IN 1993 HISTORIAN Doris Kearns Goodwin complained that Joe McGinniss had borrowed extensively for his "The Last Brother" from her 1987 book "The Fitzgeralds and the Kennedys." "He just uses it flat out, without saying that it came from my work," Goodwin told the Boston Globe. "You expect that another writer would acknowledge that," Goodwin continued. "It's inexplicable why it wasn't done."
Now, it's Goodwin's use of source material that requires explication.
Two weeks ago in this magazine, Fred Barnes reported on the striking similarities between Stephen E. Ambrose's "The Wild Blue" and Thomas Childers's "Wings of Morning." Subsequently, The Weekly Standard received a letter pointing out that Goodwin's "The Fitzgeralds and the Kennedys" borrowed with insufficient attribution from three earlier works by other authors.
An examination of the works in question confirmed the correspondent's allegation.
One source for Goodwin was Hank Searls's 1969 "The Lost Prince: Young Joe, the Forgotten Kennedy." Searls describes Joe Kennedy's disappointing last game on the Harvard football squad:
"Joe had shivered on benches from West Point on the Hudson to Dartmouth in the mountains of New Hampshire." (p. 101)
Eighteen years later, Goodwin writes that Joe Kennedy was
"shivering on benches from West Point on the Hudson to Dartmouth in the mountains of New Hampshire." (p. 507)
Searls describes the scene after the 1937 Harvard victory over Yale:
"He turned helplessly to his old classmate Campbell, then fought his way blindly through hysterical fans to the field to comfort his son." (p. 105)
"[He] turned helplessly to Tommy Campbell, then fought his way through the hysterical fans to provide solace to his son." (p. 508)
Searls writes that
"Naval pilot training held coldly to the premise that it was better to remove the accident-prone early, before too much time and money had been wasted on him." (p. 178)
Goodwin changes a few words:
"Naval pilot training held coldly to the premise that it was best to remove those who couldn't conquer the tensions of flying early, before too much time and money had been wasted on them." (p. 622)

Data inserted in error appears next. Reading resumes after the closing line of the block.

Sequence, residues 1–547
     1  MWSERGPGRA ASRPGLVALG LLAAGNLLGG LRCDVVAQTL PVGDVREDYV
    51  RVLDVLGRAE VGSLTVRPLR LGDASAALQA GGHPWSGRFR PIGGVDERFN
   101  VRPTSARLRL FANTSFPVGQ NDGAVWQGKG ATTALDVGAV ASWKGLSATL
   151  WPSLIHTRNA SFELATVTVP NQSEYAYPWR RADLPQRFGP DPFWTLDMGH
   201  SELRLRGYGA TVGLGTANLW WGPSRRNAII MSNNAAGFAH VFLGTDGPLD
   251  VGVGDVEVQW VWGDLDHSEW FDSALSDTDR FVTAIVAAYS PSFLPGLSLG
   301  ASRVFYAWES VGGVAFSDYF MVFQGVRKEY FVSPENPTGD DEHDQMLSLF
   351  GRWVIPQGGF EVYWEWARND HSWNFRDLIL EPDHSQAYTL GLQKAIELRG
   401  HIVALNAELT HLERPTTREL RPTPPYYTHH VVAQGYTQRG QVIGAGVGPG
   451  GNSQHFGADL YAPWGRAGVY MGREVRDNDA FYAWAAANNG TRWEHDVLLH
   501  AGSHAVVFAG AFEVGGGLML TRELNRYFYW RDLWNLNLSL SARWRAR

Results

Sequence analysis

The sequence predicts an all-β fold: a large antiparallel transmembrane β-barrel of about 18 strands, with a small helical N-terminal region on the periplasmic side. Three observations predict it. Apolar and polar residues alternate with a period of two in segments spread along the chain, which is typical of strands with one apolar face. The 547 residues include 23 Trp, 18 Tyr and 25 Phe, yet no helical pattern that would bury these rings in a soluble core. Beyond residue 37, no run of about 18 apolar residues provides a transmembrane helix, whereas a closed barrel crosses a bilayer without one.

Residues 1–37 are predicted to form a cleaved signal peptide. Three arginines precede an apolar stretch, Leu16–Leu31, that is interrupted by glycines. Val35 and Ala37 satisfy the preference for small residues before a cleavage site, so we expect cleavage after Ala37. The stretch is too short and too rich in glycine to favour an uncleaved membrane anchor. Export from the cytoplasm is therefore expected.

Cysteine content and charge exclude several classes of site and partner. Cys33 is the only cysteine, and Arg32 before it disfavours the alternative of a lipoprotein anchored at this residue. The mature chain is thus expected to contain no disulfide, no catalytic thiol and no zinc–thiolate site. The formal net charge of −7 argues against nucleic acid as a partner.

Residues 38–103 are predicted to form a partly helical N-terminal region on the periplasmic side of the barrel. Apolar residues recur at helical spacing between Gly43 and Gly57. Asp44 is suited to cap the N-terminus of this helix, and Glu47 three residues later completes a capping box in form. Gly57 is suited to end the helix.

In an interview, Searls acknowledges the similarities. There's "a certain amount of license," he says. "She changed a few words, which seems to me to be within bounds of journalistic ethics, although I myself always tried to give credit to authors I used."
In another instance, Goodwin's prose mirrors that of Rose Kennedy's 1974 autobiography, "Times to Remember." Kennedy writes:
"I ran upstairs and awakened Joe. I stood for a few moments with my mind half paralyzed. I tried to speak but stumbled over the words. Then I managed to blurt out that priests were here with that message. He leaped from the bed and hurried downstairs, I following him. We sat with the priests in a smaller room off the living room, and from what they told us we realized that there could be no hope, and that our son was dead." (p. 301)
The corresponding passage in Goodwin's book differs mainly in changing perspective from the first to third person:
"Rose ran upstairs and burst into her husband's room. Waking him, she stood for a few moments, her mind half paralyzed, trying to speak but stumbling over her words. Then she managed to blurt out what the two priests had said. Joe Senior rushed down and escorted the priests into a small room off the living room. There he and Rose heard the story which made it clear that there could be no hope. Their eldest son was dead." (p. 689)
BUT THE MOST striking borrowing is from Lynne McTaggart's 1983 "Kathleen Kennedy: Her Life and Times."
McTaggart, for example, writes that
"her [Kathleen's] closest friends assumed that she and Billy were 'semiengaged.' On the day of the party reports of a secret engagement were published in the Boston papers. . . . The truth was that the young couple had reached no such agreement." (p. 65)
The corresponding passage in Goodwin's book differs by just a few words:
"her [Kathleen's] closest friends assumed she and Billy were semi-engaged. On the day of the party, reports of a secret engagement were published in the Boston papers. . . . The truth was that the young couple had reached no such agreement." (p. 586)